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Sjogren's Syndrome

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Sjogren's Syndrome Update

By Linda Fugate PhD
 
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Dry eyes and dry mouth may be the only symptoms of Sjogren's Syndrome, or this autoimmune disease may progress to become a devastating systemic illness. One of our members started a conversation about this condition last April. I checked the medical literature and found some promising news.

There are currently 46 clinical trials listed on the web site http://clinicaltrials.gov, 17 of which are seeking new volunteers. Two over-the-counter treatments are being tested:

1.DHEA, a hormone manufactured commercially from a precursor found in wild yams. In the body, DHEA is the starting material for the synthesis of estrogen, testosterone, and chemically similar hormones that are used by the immune system; and

2.Eicosapentaenoic acid (EPA), an omega-3 fatty acid found in cold water fatty fish, widely used for a variety of health conditions.

Drugs under investigation include the TNF blocker etanercept (Enbrel). This is a powerful immune suppressive drug which have shown both great benefits and serious adverse effects in treating other autoimmune conditions. See Reference 6. Cyclosporin A, the classic immunosuppressive drug for organ transplants, is also in trials for Sjogren's. Other drugs being tested are rituximab, mycophenolate, hydroxychloroquine, rebamipide, pilocarpine, anakinra, dexamethasone, azathioprine, and thalidomide (the infamous drug that caused birth defects in the 1950's).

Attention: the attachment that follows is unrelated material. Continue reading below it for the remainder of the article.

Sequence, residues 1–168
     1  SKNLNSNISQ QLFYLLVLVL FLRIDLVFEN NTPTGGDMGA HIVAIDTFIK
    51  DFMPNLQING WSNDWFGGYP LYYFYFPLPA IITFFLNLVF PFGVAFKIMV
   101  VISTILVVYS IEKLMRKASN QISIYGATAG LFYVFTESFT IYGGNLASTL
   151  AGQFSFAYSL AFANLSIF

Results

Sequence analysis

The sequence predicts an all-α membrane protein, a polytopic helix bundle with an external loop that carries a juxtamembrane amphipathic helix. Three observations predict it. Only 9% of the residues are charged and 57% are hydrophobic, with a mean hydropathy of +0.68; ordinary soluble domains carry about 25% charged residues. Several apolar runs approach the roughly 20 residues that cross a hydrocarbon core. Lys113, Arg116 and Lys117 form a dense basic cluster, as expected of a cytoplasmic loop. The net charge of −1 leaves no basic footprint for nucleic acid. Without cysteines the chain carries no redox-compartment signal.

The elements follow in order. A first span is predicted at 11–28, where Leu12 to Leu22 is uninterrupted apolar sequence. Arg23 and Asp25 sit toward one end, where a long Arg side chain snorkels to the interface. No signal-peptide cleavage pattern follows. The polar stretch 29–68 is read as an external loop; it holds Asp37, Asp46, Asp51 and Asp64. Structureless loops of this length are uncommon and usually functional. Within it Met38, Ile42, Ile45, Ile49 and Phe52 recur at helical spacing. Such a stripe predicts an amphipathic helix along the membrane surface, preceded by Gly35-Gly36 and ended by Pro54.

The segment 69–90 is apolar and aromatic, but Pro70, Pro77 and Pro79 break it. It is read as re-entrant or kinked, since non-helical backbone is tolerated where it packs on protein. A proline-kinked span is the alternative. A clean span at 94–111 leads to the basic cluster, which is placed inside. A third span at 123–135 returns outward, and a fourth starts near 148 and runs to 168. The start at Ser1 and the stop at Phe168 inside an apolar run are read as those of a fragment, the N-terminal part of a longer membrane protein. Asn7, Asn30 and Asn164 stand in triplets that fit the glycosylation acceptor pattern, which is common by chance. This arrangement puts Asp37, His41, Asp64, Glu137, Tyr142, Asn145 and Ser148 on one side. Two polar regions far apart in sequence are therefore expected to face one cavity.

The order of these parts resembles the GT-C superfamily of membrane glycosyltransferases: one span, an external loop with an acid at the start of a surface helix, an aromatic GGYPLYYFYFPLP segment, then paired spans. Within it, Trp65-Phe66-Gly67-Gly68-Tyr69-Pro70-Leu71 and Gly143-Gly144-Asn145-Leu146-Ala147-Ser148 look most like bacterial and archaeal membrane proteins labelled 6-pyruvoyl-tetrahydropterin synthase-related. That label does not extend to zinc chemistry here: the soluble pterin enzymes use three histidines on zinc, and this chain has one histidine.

Other therapies in clinical trials include mesenchymal stem cells from adult donors. Intravenous immunoglobulin (IVIg) is already in use for some patients, and is being tested further in current trials.

Other research offers updates on diagnostic testing methods. Scanning laser microscopy has been reported to be valuable as a quantitative assessment tool. Another study reported that the standard lip biopsy is not necessary for most cases.

Periodontal (gum) disease was linked to Sjogren's syndrome in a report published Sept. 2. The authors examined the blood vessels in the gums of Sjogren's syndrome patients, and found distinctive changes in the capillaries, compared to those of healthy controls.

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We value and respect our HERWriters' experiences, but everyone is different. Many of our writers are speaking from personal experience, and what's worked for them may not work for you. Their articles are not a substitute for medical advice, although we hope you can gain knowledge from their insight.

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